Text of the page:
The BEIS Committee has heard proposals for potential inquiries into a range of energy and climate issues, including the decarbonisation of heat and the future of hydrogen.
In early March, the committee launched “My BEIS Inquiry”, inviting stakeholders and the wider public to come forward with issues it should investigate over the course of this Parliament. On 16 July, it heard 11 proposals* for inquiries – selected from 200 submissions – including one from Dr Jan Rosenow of the Regulatory Assistance Project, who pitched an inquiry into decarbonising heat. With heat one of the toughest challenges facing UK climate policy, Rosenow suggested a potential inquiry could focus on increasing the energy efficiency of buildings, replacing oil and gas heating with renewables and scrutinising the government’s upcoming Heat Strategy.
Dr Luke Warren, Chief Executive of the Carbon Capture and Storage Association (CCSA) made the case for an inquiry into the future of low carbon hydrogen production, stating that the UK is well placed to become a major producer.
Elsewhere, Hannah Dillon of the Zero Carbon Campaign proposed an inquiry into the future of UK carbon pricing within the transition to net zero, while Claire Holland, Chair of the Transport and Environment Committee, London Councils, called for an inquiry that focuses on the role of local government in the development of a low carbon economy.
*The 11 proposals heard by the committee:
- Singe Norberg of the Aldersgate Group argued that the committee should look at the impact of digitising the economy, highlighting opportunities for businesses to harness technologies that could play a role in reducing carbon emissions.
- Dr Jan Rosenow of the Regulatory Assistance Project called for an inquiry on decarbonising heat, suggesting it focus on increasing energy efficiency of buildings, replacing oil and gas heating with renewables and scrutinising the government’s forthcoming Heat Strategy.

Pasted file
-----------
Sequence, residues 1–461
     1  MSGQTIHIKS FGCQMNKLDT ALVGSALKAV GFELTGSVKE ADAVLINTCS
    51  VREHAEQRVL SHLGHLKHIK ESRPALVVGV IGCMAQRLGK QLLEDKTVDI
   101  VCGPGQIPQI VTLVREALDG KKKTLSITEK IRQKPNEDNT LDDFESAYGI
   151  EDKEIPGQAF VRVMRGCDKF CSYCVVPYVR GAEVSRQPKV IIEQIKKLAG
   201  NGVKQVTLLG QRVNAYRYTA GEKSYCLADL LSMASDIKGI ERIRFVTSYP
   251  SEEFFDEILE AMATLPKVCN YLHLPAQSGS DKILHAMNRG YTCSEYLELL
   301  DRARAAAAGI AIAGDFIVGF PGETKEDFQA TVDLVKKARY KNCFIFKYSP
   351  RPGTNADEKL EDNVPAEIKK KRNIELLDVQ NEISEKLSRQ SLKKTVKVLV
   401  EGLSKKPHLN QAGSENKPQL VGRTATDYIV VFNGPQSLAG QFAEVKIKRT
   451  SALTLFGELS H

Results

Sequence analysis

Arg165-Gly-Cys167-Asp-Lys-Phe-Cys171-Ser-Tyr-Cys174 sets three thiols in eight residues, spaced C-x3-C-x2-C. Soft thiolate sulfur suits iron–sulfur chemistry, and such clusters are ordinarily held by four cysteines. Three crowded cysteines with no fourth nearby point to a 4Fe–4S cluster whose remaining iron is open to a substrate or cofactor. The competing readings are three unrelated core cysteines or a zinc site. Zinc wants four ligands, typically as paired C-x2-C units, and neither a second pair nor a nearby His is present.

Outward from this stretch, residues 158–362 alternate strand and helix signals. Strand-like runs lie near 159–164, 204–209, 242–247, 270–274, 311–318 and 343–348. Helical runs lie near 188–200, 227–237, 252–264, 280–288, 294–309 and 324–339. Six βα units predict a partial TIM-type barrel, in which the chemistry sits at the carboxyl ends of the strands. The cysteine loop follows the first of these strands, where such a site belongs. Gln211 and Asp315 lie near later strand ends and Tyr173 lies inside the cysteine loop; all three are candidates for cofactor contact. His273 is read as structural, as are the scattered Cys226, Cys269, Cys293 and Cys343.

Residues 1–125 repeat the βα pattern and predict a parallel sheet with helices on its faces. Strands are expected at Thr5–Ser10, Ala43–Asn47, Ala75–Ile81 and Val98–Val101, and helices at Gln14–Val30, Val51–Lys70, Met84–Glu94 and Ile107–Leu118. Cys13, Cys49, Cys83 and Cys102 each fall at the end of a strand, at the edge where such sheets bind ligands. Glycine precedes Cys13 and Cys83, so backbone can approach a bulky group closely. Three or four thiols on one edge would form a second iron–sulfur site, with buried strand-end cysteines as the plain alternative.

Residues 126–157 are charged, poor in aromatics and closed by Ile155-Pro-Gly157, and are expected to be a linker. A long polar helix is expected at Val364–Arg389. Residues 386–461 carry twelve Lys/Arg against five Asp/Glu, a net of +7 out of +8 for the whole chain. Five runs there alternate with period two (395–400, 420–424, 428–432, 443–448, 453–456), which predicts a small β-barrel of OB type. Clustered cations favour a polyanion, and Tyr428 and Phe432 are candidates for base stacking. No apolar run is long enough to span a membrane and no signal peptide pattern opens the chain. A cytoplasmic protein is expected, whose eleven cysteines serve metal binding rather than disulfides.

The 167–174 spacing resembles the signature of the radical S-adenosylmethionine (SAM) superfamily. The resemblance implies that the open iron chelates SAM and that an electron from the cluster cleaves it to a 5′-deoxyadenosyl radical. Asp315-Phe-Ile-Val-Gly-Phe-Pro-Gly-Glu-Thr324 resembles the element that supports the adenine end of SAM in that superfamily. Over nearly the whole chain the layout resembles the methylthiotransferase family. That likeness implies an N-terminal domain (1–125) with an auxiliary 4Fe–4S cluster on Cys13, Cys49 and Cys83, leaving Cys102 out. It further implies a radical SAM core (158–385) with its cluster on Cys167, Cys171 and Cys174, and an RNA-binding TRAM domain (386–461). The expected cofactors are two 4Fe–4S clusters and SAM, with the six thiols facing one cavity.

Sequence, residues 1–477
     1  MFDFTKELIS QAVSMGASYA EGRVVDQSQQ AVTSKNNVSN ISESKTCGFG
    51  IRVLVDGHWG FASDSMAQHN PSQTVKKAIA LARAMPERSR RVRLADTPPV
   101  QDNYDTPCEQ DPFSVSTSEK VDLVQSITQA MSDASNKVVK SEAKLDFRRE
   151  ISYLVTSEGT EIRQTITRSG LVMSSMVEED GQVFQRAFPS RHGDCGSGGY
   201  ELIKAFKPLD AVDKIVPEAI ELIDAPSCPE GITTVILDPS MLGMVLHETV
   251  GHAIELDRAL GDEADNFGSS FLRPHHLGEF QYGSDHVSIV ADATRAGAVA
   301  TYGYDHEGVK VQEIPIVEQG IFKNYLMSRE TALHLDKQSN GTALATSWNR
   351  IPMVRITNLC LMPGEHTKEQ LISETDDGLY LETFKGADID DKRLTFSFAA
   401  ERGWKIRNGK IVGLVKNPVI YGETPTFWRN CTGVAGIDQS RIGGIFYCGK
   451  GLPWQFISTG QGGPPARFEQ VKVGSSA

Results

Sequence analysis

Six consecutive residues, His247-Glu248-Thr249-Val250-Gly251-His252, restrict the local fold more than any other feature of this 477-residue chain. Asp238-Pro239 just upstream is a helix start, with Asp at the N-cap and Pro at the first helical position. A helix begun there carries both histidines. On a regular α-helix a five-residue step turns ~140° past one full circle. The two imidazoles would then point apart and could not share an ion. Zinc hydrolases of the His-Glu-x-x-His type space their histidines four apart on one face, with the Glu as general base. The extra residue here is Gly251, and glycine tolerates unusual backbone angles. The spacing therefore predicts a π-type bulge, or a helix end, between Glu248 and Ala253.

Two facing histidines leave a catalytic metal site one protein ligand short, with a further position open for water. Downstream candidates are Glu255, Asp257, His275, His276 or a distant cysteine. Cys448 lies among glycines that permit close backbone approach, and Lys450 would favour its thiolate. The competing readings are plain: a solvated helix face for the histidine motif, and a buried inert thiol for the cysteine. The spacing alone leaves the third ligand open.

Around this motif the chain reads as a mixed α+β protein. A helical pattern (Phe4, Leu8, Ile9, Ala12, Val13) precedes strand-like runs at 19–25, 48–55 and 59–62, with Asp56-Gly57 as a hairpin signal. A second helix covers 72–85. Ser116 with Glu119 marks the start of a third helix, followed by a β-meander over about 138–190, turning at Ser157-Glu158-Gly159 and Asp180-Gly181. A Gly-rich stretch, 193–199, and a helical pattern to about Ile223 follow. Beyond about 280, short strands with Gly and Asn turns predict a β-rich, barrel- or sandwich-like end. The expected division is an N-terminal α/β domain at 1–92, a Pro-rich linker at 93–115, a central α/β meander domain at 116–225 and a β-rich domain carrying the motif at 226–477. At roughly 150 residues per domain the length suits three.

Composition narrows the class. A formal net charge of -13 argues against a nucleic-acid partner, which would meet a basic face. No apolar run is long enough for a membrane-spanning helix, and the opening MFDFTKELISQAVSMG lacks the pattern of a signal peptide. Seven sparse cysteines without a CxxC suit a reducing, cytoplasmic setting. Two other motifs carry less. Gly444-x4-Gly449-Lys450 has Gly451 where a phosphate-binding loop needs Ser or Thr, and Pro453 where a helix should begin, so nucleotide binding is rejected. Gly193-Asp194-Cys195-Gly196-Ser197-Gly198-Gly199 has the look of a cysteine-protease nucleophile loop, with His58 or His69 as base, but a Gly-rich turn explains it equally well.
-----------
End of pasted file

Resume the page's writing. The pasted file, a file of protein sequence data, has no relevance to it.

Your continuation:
- Dr Luke Warren of the Carbon Capture and Storage Association (CCSA) pitched an inquiry into the future of low carbon hydrogen production, one that could explore the interface of low carbon hydrogen production with CCS technology, the use of hydrogen strategies in other countries and a potential UK hydrogen strategy within the industrial strategy.
- Andrew Large of the Energy Intensive Users Group proposed an inquiry on industrial decarbonisation that would explore the benefits of targeting the reduction of total UK carbon consumption.
- Hannah Dillon of The Zero Carbon Campaign made the case for an inquiry into the future of UK carbon pricing within the transition to net zero, suggesting it was not currently being used to its full potential, while the UK’s future emissions trading scheme proposal demonstrates a “significant lack of ambition”.
- Daniel Quiggin of the Energy, Environment and Resources Programme at Chatham House pitched an inquiry assessing the feasibility of negative emissions technologies.
- Dhara Vyas of Citizens Advice asked the committee to explore whether existing consumer protections were adequate and to ensure government plans to improve energy use in the home – through smart energy, energy efficiency or low carbon heat – will give people and businesses the confidence to transition to net zero.
- Nick Robins of the London School of Economics called on the committee to launch an inquiry into how policy on net zero could deliver a just transition in relation to various groups in the UK, such as businesses, local government, communities and consumers.
- Matthew Copeland of National Energy Action proposed a single-day inquiry into the fuel poverty strategy for England.
- Councillor Claire Holland of the Transport and Environment Committee, London Councils, called for an inquiry exploring the role of local government in supporting the development of a low carbon economy, stating no net zero strategy will work without a local foundation.
- Paul Ekins of University College London suggested an inquiry that addresses the need for additional institutions, both home and abroad, to meet net zero targets.